Yet by 1892, before St. Andrew’s could even be built, it was recognized that a new congregation was needed to serve Winnipeg’s central community. A group of 18 parishioners from St. Andrew’s obtained permission to create a new congregation which would be called Westminster. Dr. Pitblado, who had served as minister of St. Andrew’s from 1881 to 1889, returned from California to lead the new church. The first service of the Westminster congregation was held on January 1st, 1893, with over 200 people crowded in Victoria Hall (later renamed the Bijou Opera House) on Notre Dame Avenue. After holding services in a variety of locations, the congregation finally opened the doors to their own building at the corner of Notre Dame Avenue and Hargrave Street (then Charlotte Street) in 1894. It was a stately brick building with elegant arched roman windows and a tower the would have stood tall over the burgeoning prairie city. Only 15 years later the congregation had tripled, outgrowing its quaint beginnings. Instead of splitting and forming a new congregation, the group looked to construct a larger church.

The first Westminster Church in 1900.
Source: City of Winnipeg.

With Reverend David Christie at the helm, a new property at 745 Westminster Avenue was secured and phase one of church construction began in 1910. This first phase required just the construction of the basement and foundation which the congregation promptly moved into and began holding services in. Construction of phase two, the superstructure, began the next year. The completed building officially opened on June 16, 1912 with over 1,300 people in attendance.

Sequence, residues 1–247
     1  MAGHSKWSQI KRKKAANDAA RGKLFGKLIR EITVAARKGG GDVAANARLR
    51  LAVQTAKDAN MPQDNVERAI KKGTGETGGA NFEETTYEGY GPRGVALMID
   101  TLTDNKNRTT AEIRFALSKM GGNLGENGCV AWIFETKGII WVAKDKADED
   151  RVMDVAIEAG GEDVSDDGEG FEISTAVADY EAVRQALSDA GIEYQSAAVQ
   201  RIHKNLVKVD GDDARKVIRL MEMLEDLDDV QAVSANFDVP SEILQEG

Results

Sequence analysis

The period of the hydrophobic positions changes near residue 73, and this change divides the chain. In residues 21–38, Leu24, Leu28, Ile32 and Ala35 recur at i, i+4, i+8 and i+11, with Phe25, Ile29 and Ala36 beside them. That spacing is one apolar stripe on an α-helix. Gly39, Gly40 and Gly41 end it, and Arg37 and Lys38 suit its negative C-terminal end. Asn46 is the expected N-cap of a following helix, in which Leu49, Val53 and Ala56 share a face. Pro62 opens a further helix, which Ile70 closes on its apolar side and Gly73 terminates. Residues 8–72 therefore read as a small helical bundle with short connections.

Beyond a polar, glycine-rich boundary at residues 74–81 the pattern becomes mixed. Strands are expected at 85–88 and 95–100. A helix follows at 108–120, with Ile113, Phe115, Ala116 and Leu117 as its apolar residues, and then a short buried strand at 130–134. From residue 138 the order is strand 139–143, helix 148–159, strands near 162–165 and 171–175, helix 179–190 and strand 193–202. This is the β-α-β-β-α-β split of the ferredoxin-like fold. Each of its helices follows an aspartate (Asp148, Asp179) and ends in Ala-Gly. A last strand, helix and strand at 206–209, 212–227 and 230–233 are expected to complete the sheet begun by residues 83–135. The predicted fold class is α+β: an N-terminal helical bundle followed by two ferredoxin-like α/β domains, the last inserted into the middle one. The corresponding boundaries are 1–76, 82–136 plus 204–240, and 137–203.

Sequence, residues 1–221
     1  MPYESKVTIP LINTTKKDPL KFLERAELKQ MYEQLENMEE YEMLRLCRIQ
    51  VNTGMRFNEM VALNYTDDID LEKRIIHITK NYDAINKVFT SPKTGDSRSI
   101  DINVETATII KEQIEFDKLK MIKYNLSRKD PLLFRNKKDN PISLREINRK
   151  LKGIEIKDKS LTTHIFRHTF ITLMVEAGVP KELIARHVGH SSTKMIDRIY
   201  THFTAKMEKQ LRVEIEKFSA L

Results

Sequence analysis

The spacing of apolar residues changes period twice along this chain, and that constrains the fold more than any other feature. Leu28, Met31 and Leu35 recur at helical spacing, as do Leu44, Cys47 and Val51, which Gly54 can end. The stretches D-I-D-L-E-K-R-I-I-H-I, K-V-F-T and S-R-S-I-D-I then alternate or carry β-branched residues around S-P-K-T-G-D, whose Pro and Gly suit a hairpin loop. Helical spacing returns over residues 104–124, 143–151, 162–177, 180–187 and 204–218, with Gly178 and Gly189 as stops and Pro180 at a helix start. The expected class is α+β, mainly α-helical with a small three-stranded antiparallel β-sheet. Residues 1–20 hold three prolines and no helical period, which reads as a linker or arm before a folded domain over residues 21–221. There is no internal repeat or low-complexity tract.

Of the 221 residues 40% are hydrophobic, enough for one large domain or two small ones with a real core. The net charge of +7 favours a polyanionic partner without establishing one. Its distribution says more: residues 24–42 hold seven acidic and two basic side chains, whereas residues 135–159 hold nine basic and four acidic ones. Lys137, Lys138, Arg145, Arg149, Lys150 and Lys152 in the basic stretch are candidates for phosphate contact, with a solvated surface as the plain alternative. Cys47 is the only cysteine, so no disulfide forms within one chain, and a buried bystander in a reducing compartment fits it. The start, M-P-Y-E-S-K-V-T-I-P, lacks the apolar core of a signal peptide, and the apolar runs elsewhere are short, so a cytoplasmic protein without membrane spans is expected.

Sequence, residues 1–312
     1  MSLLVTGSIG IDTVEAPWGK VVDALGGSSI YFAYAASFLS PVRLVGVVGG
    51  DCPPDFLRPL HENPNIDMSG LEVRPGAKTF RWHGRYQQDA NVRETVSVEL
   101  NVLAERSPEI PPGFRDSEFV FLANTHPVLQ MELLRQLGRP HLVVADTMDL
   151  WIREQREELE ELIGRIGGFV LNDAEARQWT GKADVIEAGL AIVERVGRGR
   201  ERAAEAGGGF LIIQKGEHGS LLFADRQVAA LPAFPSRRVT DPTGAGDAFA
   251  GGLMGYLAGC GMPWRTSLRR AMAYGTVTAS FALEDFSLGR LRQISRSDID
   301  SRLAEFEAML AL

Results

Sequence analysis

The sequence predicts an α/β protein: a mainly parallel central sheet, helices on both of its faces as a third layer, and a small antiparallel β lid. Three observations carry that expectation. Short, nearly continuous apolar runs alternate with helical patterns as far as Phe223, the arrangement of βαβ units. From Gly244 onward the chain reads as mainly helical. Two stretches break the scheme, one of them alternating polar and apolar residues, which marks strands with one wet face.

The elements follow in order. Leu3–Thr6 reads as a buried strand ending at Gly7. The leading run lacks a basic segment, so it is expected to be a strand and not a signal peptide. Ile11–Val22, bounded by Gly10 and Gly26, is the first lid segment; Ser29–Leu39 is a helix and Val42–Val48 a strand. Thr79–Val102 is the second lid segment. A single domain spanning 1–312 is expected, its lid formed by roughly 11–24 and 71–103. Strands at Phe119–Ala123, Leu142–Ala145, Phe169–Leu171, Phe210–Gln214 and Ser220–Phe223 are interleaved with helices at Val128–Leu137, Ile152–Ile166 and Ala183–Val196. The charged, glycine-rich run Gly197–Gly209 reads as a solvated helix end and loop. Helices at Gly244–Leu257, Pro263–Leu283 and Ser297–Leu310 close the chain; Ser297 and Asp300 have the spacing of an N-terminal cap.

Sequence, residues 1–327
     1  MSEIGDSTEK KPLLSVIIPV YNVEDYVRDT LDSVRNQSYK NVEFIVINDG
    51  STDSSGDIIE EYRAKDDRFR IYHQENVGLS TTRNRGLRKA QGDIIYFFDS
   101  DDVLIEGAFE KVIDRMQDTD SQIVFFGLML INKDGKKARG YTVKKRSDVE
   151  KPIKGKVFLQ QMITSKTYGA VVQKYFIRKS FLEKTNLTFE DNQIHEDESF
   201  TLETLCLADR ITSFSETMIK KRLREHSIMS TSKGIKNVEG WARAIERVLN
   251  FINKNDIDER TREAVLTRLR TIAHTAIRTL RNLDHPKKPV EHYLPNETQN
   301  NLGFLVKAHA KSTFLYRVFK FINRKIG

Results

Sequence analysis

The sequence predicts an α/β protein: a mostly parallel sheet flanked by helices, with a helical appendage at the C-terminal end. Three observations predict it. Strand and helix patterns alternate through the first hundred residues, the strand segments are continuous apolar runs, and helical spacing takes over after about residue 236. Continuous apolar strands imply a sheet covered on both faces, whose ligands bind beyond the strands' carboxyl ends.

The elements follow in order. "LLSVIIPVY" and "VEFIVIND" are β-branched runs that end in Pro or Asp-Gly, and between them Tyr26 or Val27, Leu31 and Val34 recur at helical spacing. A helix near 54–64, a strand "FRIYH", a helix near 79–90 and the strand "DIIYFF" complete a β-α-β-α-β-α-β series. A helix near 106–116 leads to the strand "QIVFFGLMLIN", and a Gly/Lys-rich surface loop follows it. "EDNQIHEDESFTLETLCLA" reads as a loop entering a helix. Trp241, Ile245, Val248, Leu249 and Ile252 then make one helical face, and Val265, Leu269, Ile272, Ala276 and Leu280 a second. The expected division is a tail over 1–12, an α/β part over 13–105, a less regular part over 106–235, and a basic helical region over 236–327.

Westminster Presbyterian Church during its construction in 1911.
Source: City of Winnipeg.

Architect John Hamilton Gordon Russell was hired to design the Church, taking advantage of all the latest technological advances. The walls were built with steel and cast iron, sheathed in rough cut Manitoba limestone and topped by wooded rafters. By not building solid stone walls, a great cost savings was realized, with construction totaling only $158,603.77. Designed in the Beaux-Arts Gothic style, its grand front facade loomed over Maryland Street, a vast staircase leading up to two large wooden double doors. The doors were crowned with a stunning stained glass rose window and flanked by two robust towers, which rise 30 and 31 meters into the sky respectively.